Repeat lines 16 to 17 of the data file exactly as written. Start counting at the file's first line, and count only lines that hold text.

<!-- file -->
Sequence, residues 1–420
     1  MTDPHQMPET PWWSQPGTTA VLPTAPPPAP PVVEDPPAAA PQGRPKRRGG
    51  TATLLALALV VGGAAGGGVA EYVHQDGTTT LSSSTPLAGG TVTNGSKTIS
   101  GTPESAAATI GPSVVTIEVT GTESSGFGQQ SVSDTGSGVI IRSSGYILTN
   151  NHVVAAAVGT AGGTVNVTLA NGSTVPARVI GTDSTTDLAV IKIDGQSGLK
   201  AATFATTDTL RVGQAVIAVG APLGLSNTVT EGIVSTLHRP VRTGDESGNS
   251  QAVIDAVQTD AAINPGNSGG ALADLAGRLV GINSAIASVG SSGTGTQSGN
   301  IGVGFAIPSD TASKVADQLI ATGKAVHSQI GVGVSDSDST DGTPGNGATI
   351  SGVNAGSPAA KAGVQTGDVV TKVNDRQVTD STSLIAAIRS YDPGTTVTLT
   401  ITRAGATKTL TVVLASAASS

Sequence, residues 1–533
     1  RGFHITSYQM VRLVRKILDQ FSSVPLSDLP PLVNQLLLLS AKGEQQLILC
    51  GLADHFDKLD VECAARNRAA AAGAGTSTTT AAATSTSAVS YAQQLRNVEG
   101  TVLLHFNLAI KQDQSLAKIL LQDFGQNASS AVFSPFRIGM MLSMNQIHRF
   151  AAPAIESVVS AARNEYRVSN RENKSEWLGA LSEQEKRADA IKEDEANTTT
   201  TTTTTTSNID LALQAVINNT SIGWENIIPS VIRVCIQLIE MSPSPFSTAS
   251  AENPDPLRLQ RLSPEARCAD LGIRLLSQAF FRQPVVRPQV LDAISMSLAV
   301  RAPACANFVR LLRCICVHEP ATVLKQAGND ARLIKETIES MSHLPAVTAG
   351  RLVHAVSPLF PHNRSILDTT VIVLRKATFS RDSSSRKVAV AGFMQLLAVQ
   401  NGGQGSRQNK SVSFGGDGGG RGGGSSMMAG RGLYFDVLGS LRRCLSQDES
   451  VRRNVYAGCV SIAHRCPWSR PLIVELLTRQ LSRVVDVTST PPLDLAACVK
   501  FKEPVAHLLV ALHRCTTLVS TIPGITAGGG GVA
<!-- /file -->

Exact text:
   201  TTTTTTSNID LALQAVINNT SIGWENIIPS VIRVCIQLIE MSPSPFSTAS
   251  AENPDPLRLQ RLSPEARCAD LGIRLLSQAF FRQPVVRPQV LDAISMSLAV